Posted by: Fr Chris | January 23, 2012

Bishops living with the poor – literally

This is a follow up to a Facebook posting I did, of the Conference of Bishops dispersing to live in tough situations. You can read Fides Agency which reports on missionaries and mission areas of the world – a different face of the Church for most of us reading this.

ASIA – Bishops, priests and Asian lay people among the Burmese refugees of ethnic Karen, “the invisible”

Bangkok (Agenzia Fides) – For three days a group of Bishops, priests and Asian lay people live the hardships and sufferings, the extreme poverty of the Burmese refugees of ethnic Karen, camped in refugee camps on the border between Thailand and Myanmar: this is the initiative, part of a program organized by the Office for Human Development of the Federation of the Asian Bishops’ Conferences (FABC) (see Fides 18/01/2012).
Among them was His Exc. Mgr.Berard Toshio Oshikawa, O.F.M. Conv, Bishop of Naha (Okinawa),in Japan, who tells Fides about the “extraordinary experience of sharing the Gospel”: “For us it is a very significant day: to be with the poor, with the victims of grave injustices, he reminds us that the Asian Church, as Paolo VI says, must be a Church of the poor. It is a valuable initiative which we hope has a sequel”.
Fr. Nithiya Sagayam OFM Capp, Executive Secretary of the Office for Human Development of the FABC, organizer of the program is part of the group. Fr. Sagayam explains to Fides: “We live with joy this experience of immersion in poverty. We are in a refugee camp of ethnic Karen, refugees from Burma. I’ve been here for over ten years, in a border area. They have no education, no schools, no medical care, or safety. They are forgotten by all. The Thai government has ceased to provide humanitarian aid and only Caritas and other NGOs provide aid. There is also lack of identity, to the point that they are called “invisible”. In fact, children born here legally do not exist, have no legal status. We want to present an appeal to the Thai government and bring their plight to the attention of the United Nations. Given the changes in Myanmar, some hope to return to their country, but we do not know if it will be possible”.
As explained to Fides, the Bishops and delegates are divided into four groups: one lives among the Burmese refugees; one is housed in a neighborhood of migrant workers; another assist AIDS patients in a clinic; the fourth group spends three days in a rehabilitation center for victims of human trafficking. The program will end, with three days of reflection and comparison, to prepare guidelines and intervention strategies to be presented to the respective Episcopal Conferences. (PA) (Agenzia Fides 19/01/2012)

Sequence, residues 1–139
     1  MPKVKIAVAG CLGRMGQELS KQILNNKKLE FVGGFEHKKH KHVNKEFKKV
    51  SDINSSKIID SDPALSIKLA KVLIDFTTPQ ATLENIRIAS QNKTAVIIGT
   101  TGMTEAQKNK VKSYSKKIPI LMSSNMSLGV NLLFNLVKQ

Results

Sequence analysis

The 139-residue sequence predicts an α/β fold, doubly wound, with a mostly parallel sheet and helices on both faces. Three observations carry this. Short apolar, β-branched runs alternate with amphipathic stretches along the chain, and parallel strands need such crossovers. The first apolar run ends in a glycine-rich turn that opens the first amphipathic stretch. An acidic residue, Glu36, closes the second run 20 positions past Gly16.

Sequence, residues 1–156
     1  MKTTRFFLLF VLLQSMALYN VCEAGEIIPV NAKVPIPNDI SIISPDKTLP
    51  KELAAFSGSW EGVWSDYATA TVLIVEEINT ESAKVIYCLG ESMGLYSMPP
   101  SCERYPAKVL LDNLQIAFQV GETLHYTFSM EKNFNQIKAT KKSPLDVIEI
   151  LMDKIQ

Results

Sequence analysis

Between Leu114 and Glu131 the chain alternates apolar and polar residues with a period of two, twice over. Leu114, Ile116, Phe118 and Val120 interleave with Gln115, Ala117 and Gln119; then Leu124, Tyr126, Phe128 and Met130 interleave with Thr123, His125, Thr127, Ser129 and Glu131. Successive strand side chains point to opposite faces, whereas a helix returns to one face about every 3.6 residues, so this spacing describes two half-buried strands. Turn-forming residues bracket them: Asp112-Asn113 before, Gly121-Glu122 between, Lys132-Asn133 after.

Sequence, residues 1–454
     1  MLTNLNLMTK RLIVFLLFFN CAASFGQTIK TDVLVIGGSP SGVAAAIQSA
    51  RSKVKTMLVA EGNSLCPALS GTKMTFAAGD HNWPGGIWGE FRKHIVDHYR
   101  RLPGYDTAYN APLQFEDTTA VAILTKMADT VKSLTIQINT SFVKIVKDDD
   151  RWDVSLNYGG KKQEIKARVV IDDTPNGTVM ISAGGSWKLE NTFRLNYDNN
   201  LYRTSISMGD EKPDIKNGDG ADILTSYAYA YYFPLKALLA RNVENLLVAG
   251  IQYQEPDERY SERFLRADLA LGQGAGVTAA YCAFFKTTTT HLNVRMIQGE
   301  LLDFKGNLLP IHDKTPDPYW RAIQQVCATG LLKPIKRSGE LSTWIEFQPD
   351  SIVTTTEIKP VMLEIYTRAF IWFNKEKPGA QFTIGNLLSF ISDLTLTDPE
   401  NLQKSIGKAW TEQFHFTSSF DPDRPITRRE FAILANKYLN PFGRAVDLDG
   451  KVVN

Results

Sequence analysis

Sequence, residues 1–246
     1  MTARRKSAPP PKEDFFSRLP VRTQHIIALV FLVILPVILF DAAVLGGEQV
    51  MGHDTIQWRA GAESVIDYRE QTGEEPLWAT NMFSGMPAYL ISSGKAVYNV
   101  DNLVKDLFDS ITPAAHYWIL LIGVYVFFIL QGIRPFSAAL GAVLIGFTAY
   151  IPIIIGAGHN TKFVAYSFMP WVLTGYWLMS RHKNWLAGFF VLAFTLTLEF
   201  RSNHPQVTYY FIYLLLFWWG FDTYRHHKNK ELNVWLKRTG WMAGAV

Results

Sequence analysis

Bangkok (Agenzia Fides) – For three days a group of Bishops, priests and Asian lay people live the hardships and sufferings, the extreme poverty of the Burmese refugees of ethnic Karen, camped in refugee camps on the border between Thailand and Myanmar: this is the initiative, part of a program organized by the Office for Human Development of the Federation of the Asian Bishops’ Conferences (FABC) (see Fides 18/01/2012).
Among them was His Exc. Mgr.Berard Toshio Oshikawa, O.F.M. Conv, Bishop of Naha (Okinawa),in Japan, who tells Fides about the “extraordinary experience of sharing the Gospel”: “For us it is a very significant day: to be with the poor, with the victims of grave injustices, he reminds us that the Asian Church, as Paolo VI says, must be a Church of the poor. It is a valuable initiative which we hope has a sequel”.
Fr. Nithiya Sagayam OFM Capp, Executive Secretary of the Office for Human Development of the FABC, organizer of the program is part of the group. Fr. Sagayam explains to Fides: “We live with joy this experience of immersion in poverty. We are in a refugee camp of ethnic Karen, refugees from Burma. I’ve been here for over ten years, in a border area. They have no education, no schools, no medical care, or safety. They are forgotten by all. The Thai government has ceased to provide humanitarian aid and only Caritas and other NGOs provide aid. There is also lack of identity, to the point that they are called “invisible”. In fact, children born here legally do not exist, have no legal status. We want to present an appeal to the Thai government and bring their plight to the attention of the United Nations. Given the changes in Myanmar, some hope to return to their country, but we do not know if it will be possible”.
As explained to Fides, the Bishops and delegates are divided into four groups: one lives among the Burmese refugees; one is housed in a neighborhood of migrant workers; another assist AIDS patients in a clinic; the fourth group spends three days in a rehabilitation center for victims of human trafficking. The program will end, with three days of reflection and comparison, to prepare guidelines and intervention strategies to be presented to the respective Episcopal Conferences. (PA) (Agenzia Fides 19/01/2012)

 


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